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Joe Knapp

Joe Knapp

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Joe Knapp fell in love with barefoot water skiing when he was 13 years old. He saw someone barefooting on Lake Minnetonka in Minnesota and said, “Wow, I gotta learn how to do that.” After many failed attempts teaching himself to barefoot, he finally learned on June 6, 1976, at 9:30 pm on Lake Minnetonka with his future wife Debbie driving the boat. He had courage and faith as he took his right foot off the safety of his slalom ski and barefooted away without sinking.

In 1978, the first Barefoot National Championships was held in Waco, Texas. Joe was there and had the honor of being the first competitor on the water. Arriving at the tournament, he had never jumped. In spite of Debbie saying she’d give him $100 not to jump, his competitive nature and passion for the sport got the better of him. While waiting on the starting dock, a fellow competitor taught him how to jump, saying it was like jumping out of two skis without jumping. Joe successfully jumped, for the first time, at the first nationals.

Joe won his first Men’s National Overall Championships in 1987 and continued winning in 1991, 2003, 2005, 2011, 2015, 2018, 2021, and 2022. Aside from his numerous individual successes, he has been the most committed and persistent competitor in barefoot water skiing. He is the only person to have competed in every Barefoot Nationals from 1978 to the present, and he has competed in every event – slalom, tricks, and jump.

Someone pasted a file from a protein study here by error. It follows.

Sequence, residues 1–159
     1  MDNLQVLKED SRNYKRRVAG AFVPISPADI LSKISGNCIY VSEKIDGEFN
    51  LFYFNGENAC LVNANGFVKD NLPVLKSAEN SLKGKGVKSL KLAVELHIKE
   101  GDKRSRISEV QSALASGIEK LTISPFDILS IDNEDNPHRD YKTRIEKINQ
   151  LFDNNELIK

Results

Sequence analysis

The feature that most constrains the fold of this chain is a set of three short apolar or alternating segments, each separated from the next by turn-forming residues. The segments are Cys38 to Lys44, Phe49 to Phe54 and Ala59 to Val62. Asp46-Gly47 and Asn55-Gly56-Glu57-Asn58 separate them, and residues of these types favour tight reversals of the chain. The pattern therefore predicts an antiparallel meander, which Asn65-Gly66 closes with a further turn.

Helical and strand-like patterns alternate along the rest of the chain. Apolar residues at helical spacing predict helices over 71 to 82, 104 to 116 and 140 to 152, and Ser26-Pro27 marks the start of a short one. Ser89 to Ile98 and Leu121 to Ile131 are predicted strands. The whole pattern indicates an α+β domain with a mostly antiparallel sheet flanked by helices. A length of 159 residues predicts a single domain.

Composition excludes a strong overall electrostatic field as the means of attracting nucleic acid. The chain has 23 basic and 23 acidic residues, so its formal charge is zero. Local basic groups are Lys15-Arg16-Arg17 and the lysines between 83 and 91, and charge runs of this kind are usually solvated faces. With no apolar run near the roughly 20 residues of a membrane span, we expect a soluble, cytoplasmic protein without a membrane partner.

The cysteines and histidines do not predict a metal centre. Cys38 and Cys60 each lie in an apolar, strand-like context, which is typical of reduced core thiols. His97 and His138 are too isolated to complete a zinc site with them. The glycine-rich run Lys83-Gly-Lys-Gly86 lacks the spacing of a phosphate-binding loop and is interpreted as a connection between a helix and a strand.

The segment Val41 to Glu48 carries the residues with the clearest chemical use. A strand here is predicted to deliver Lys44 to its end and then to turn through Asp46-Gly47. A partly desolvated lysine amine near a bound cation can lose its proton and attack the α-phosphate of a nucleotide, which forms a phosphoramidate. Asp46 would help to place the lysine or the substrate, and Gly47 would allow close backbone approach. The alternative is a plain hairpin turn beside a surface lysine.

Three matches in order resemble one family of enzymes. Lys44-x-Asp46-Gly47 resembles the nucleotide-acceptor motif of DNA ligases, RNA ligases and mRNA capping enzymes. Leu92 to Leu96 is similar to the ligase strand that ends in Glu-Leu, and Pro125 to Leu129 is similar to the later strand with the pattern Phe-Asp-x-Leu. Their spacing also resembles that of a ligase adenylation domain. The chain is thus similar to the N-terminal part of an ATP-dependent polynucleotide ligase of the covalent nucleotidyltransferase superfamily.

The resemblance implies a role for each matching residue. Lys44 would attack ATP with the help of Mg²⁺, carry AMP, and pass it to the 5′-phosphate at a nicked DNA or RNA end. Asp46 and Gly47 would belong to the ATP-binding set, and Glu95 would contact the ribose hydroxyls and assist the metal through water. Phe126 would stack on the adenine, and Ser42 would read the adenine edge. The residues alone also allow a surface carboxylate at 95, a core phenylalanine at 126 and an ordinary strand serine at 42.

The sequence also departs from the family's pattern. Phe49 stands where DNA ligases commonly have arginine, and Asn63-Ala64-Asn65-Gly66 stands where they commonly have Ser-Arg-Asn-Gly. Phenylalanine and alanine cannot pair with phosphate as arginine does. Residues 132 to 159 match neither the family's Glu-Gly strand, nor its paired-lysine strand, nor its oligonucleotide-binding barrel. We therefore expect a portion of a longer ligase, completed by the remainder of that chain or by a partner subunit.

In addition to Joe’s on-the-water success, he has a passion for helping others, talking with every competitor at every tournament, and giving time to the sport he loves. He is a Level 1 (World Level) Judge and has been judging and volunteering at tournaments since the 1980s. As soon as he started judging, he became an appointed judge at every national, regional, and local tournament he attended. In 2001, he was recognized for his lifetime of service by receiving the American Barefoot Club's Stew McDonald Long Time Service Award.

With no plans to slow down , Joe is barefooting more and has added extra fitness routines. His goal is to compete in every Barefoot Nationals until he dies. He hopes to live to 102, the age at which his grandfather died.

“Every time I barefoot, even on the simplest of terms, it’s still really exciting. Now it’s just trying to fit it into whatever life I have and trying to make that work,” says Joe.

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